Many businesses are offering click and collect or delivery services. So check-out their website, drop them an email or give them a call to see if you can still get what you need from them. 
Now is the perfect time to discover new brands, with the Christmas season on the way, a lot of businesses are promoting online events such as markets and food festivals. 
Turn to online marketplaces such as eBay and Etsy, so many small businesses sell on these sites. By buying on these sites you can also leave a review after your delivery. 
Tips on how to keep your local business going 
Carry on marketing your business and let people know you are still open or still taking orders. 
Communicate and engage with your customer base. 
Promote special offers for your customers. 
Celebrate your achievements. 
Spend this time writing a few blog posts that you can post out over the next couple of months. A blog post can be share through your social media and can really help engage your audience and tell your customers about your business. 
Review your business plans, consider whether there are alternative products or services you can offer and ‘pivot’ what you currently do. 
If you are unable to operate or demand is lower than usual right now, perhaps it is time to tackle that mountain of admin or those tasks that you have been putting off or streamline your processes. 
 
Your Chamber is always here to support our members and at the present time we are willing to extend that support to any business in or around the RBWM area too. If you would like to talk through your business issues with somebody who will understand and provide good advice, either write to president@maidenhead.org.uk or telephone 01628 670573 and our President, Mike Miller or one of the other directors or executive team will contact you.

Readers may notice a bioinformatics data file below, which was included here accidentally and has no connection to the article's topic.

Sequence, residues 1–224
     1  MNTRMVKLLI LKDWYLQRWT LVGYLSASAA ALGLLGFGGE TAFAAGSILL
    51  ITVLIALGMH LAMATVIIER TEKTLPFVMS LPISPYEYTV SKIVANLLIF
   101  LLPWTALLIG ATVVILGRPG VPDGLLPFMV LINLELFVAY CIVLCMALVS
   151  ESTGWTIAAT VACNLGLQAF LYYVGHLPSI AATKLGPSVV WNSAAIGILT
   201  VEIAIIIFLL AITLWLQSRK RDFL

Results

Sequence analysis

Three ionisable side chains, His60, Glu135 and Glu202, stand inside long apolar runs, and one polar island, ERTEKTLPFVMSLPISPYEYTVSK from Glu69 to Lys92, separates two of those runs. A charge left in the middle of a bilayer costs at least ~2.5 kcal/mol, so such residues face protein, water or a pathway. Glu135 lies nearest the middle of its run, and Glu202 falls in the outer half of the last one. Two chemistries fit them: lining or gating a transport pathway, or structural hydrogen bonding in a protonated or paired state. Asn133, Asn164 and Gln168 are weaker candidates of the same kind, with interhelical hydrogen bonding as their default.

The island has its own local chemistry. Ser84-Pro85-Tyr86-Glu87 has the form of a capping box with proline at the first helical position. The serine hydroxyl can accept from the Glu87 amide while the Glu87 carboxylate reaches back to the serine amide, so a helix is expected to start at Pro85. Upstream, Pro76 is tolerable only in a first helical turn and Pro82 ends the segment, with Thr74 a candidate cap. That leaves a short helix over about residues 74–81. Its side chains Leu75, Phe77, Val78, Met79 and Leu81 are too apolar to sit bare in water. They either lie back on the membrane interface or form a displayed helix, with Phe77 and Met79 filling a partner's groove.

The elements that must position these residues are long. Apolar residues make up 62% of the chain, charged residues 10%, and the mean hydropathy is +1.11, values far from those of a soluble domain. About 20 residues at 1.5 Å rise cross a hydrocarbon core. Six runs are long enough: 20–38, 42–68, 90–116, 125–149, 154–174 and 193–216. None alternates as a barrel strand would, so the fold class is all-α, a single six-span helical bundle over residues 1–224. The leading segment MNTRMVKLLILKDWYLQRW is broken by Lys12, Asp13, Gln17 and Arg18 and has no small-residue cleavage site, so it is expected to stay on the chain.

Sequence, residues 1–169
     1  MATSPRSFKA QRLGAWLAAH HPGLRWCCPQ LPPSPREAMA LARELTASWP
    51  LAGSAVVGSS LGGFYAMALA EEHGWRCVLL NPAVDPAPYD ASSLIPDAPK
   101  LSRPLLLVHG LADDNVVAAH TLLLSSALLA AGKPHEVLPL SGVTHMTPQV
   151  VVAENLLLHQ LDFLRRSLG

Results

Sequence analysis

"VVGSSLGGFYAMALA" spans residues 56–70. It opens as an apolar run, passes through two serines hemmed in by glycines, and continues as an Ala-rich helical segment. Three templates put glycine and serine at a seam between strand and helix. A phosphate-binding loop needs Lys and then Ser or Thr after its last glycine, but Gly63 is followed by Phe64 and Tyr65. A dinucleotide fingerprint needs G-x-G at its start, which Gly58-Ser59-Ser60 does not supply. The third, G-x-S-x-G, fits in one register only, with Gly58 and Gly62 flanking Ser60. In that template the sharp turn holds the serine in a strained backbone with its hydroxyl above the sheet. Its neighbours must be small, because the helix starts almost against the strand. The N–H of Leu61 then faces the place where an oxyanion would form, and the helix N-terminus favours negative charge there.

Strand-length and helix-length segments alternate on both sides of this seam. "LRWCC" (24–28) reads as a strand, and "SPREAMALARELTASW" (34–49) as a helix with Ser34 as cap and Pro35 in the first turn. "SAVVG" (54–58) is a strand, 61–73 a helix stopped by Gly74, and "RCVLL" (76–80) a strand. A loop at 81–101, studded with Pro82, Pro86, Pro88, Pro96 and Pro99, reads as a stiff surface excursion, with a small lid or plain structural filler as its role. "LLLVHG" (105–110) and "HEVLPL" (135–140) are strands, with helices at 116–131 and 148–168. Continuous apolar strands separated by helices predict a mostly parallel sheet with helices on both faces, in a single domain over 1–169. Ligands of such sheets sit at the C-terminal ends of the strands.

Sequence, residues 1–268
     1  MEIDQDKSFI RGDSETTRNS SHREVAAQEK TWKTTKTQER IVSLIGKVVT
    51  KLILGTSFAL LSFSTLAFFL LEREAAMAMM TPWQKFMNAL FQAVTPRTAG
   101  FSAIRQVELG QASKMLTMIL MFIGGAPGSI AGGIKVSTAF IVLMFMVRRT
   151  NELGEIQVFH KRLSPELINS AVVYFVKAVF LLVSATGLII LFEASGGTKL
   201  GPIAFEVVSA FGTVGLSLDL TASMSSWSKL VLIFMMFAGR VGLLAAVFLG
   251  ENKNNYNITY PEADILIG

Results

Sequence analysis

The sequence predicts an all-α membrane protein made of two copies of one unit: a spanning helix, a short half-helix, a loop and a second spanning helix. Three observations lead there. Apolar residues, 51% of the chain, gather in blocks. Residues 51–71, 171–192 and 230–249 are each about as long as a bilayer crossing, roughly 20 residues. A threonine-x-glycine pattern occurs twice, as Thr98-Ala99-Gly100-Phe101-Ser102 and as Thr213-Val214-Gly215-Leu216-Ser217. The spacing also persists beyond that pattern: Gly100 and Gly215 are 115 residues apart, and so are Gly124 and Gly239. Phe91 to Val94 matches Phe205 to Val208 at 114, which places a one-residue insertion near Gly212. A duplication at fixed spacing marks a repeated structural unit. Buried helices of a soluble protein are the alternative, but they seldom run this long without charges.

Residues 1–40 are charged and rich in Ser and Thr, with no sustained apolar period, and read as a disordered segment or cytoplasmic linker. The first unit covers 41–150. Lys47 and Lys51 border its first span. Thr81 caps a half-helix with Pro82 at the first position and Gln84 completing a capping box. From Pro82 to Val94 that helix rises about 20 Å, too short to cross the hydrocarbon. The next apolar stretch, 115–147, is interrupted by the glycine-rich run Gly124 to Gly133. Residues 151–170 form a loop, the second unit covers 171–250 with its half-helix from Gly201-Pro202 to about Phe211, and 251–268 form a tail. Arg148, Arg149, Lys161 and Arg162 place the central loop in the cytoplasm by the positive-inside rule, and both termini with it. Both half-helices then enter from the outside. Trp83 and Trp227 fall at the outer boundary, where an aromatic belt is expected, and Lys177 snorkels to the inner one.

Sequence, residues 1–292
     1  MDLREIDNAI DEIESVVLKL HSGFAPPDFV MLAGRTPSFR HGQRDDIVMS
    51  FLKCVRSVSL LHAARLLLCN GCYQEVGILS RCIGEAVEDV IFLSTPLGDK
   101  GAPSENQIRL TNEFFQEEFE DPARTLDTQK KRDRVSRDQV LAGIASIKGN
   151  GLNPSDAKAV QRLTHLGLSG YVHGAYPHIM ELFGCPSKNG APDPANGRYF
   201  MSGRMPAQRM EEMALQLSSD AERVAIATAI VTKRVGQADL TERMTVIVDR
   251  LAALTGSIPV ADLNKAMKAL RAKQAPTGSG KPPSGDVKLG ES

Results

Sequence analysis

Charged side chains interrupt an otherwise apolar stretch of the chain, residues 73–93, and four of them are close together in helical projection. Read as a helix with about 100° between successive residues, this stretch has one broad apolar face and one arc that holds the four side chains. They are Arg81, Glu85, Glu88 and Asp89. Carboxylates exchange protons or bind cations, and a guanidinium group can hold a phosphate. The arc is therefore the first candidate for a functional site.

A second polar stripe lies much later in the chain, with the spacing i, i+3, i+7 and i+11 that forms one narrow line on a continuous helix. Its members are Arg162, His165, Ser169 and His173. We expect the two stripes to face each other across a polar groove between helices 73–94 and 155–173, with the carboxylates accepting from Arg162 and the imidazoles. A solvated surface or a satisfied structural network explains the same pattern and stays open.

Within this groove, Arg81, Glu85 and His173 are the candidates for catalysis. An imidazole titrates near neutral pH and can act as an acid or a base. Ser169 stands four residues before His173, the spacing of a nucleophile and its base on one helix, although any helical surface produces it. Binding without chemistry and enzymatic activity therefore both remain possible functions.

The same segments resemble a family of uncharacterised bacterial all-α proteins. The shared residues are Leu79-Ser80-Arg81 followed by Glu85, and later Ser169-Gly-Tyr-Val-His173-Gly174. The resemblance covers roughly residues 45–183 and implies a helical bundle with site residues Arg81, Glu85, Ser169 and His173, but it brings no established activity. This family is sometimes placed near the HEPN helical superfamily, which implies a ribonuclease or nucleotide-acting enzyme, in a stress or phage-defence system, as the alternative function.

A warm welcome to the Maidenhead Chamber of Commerce blog. To kick start our blog, we felt it was only right that we interviewed the President of our Chamber of Commerce Mike Miller. Mike has worked and lived in both South Africa and England and is one of the founders of the South African Chamber of Commerce (SACC) UK and is now an honorary life member of the SACC having retired as a director last year. Mike is Managing Director of Business Fit International Ltd, working with a team of consultants to assist entrepreneurs in successfully launching their businesses into the SA or UK markets. We wanted to find out more about his journey as president and how the Maidenhead Chamber of Commerce has adapted since the onset of the Covid-19 pandemic. 
 
Welcome Mike, thank you for joining us, tell us about your upbringing?